I have two job offers: one from a respected company offering me a job doing work I’m completely passionate about, but with terribly unpleasant co-workers who have no team spirit. The other is from a so-so company offering a job I somewhat like, but with people I thoroughly enjoy. The compensation is about the same, so what do I do?
—Name withheld, Luxembourg
You ask yourself five simple questions and see where the answers take you.
At least, that’s what we suggest whenever someone writes and, like you, basically says, “With all the choices out there, how in the world do I possibly figure out what job is right for me?”
Now, we’re not claiming this process will make your decision any easier—you face a common, but undeniably difficult, quandary that can strike people at almost any stage of their career. But in the end, whatever you decide using this exercise, you should have a clearer sense of why.
The questions that follow, incidentally, are in no particular order. They all count to somewhat equal degrees.
To our minds, success and happiness at work start with your team, so we’ll begin with the question that concerns a factor you’ve already mentioned: people. It asks, “Will the new job be filled with co-workers who share my sensibilities or will I have to zone out or fake it to get along?”
The key word here is “sensibilities”—those values, behaviours and personality traits that make you feel, well, like you’re among kindred spirits. If you share sensibilities with your co-workers, you tend to work at the same pace, confront each other and tough issues with the same level of intensity (or lack thereof) and laugh the same amount at meetings (often at the same jokes).
We’re not saying people with shared sensibilities are all alike, but they pretty much all like each other.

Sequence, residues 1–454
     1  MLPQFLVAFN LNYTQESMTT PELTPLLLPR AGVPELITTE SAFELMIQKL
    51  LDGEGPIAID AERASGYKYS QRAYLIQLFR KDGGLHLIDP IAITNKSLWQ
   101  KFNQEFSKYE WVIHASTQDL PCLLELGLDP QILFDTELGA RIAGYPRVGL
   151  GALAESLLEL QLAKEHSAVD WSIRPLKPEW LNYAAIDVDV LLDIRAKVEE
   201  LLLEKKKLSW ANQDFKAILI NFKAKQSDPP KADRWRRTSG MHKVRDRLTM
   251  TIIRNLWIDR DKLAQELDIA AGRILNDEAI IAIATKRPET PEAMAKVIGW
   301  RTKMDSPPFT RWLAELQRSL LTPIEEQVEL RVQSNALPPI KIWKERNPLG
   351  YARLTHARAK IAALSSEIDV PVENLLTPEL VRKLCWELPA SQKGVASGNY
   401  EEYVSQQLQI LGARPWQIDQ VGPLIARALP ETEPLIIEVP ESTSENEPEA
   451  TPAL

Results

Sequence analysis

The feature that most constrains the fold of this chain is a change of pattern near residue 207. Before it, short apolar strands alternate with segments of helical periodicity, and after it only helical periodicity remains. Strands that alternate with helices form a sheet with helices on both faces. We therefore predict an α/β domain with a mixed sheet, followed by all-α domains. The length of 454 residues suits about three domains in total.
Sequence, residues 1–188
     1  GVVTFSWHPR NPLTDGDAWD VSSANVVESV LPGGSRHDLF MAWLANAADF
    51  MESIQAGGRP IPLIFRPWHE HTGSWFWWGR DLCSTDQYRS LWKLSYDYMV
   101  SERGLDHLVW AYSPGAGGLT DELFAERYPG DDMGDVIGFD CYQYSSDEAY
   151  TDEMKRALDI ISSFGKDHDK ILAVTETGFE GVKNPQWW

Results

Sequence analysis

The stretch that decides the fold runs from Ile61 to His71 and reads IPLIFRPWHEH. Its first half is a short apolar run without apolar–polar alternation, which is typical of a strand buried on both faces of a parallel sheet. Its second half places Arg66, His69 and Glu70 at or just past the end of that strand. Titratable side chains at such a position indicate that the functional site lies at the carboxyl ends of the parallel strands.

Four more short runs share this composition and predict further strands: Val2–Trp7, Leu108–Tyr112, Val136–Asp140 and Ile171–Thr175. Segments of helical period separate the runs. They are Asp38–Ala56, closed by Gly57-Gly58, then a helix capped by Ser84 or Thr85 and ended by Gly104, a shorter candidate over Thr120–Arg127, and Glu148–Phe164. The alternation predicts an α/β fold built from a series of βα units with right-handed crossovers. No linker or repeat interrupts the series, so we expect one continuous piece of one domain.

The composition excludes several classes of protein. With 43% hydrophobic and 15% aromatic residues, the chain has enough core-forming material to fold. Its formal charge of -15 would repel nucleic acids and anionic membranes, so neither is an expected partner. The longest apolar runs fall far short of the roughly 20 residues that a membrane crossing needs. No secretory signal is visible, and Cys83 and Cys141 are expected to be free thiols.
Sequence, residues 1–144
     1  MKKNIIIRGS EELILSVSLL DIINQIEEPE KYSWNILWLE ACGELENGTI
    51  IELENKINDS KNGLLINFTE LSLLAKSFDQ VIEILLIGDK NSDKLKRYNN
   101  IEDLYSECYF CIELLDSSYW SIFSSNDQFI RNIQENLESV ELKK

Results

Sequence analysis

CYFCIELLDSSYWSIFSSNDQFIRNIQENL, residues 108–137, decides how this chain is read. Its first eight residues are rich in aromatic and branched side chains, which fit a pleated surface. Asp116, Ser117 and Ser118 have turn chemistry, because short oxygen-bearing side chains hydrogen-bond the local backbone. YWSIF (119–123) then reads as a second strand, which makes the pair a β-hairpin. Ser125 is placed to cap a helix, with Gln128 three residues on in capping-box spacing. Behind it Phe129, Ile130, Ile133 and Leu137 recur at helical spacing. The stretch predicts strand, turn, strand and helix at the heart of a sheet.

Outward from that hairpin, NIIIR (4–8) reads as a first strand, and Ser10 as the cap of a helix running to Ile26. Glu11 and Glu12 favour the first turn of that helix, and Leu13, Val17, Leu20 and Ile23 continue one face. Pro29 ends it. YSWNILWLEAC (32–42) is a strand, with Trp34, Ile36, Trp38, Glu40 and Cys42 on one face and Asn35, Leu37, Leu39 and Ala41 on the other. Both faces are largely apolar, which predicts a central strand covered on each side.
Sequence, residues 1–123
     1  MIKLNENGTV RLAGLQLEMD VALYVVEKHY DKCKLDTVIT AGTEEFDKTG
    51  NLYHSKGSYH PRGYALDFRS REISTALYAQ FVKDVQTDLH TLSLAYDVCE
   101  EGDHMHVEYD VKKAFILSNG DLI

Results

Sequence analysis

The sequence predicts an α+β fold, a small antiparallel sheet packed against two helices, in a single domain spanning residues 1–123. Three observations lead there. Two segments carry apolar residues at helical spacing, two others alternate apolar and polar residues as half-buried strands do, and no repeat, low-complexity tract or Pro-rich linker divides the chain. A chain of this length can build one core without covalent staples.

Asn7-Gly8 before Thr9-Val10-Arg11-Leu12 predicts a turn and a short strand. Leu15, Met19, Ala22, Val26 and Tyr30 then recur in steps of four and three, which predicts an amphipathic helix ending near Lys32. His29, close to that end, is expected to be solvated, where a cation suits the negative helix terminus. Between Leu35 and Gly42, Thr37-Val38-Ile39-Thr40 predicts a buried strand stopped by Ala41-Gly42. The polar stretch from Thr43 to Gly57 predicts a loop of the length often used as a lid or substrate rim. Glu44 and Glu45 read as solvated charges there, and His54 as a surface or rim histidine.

The second question is about the opportunity to learn: “Will the new job stretch my mind, build my skills and otherwise take me out of my comfort zone or am I entering at the top of my game?”
Sure, it’s appealing to join a company where you’re the smartest person in the room... for a while. In time, though, most people start to feel the downside of being the resident expert—namely boredom and career stall. There is risk, of course, in taking a job where you can blow it.
But beware of any job that promises to be a lay-up. It will, ultimately, make you want to lie down. That’s never a good career move!
The third question prompts you to consider the future by asking, “Should I ever leave, will this new job open or close doors for me?” Some companies are so respected for their training programmes or hiring standards that they bestow a kind of golden halo upon their employees. The consulting firm McKinsey & Co. is a good example, as are Microsoft and Johnson & Johnson.
Other jobs will keep your options open because they happen to be in thriving industries with promising economics (as compared, say, to the airlines or publishing). Obviously, we’re not suggesting you lunge for any given job at Google or Genentech, just that you think twice about taking a job where the day after tomorrow seems tenuous.
Which brings us to the fourth question, “Will the new job turn my crank, touch my soul and give me meaning?” You should never take a job based just on where it might take you—unless it’s a place you really want to go. We’re talking about job content, essentially, what you do all day.
If that actual work—be it selling a house, designing a medical device, creating an advertising campaign or whatever—doesn’t seem exciting and important to you, it doesn’t make any difference if the company or industry is on fire. You won’t be, ever. That’s no life.
The final question concerns an emotional dynamic we call ownership. “Whom am I making happy by taking this job and am I OK with that bargain?”
Look, very few of us have the freedom to make decisions without considering the needs of other “constituents”. We all know people who have passed up great jobs because of the impact on their families and people who have taken less-than-great jobs for the same reason. Such choices are part of life. But in making yours, we’d just advise you be clear on why you are taking any given job—and that you make peace with the trade-offs involved.
As for your immediate decision: It seems the first job gives you great opportunity, options and work content. It flunks on people and appears neutral on ownership. There’s really no wrong choice here—just your own to understand.
Jack and Suzy are eager to hear about your career dilemmas and challenges at work, and look forward to answering some of your questions in future columns. Jack and Suzy Welch are the authors of the international best-seller, Winning. Campaign readers can email them questions at firstname.lastname@example.org. Please include your name, occupation and city. Select questions will be answered.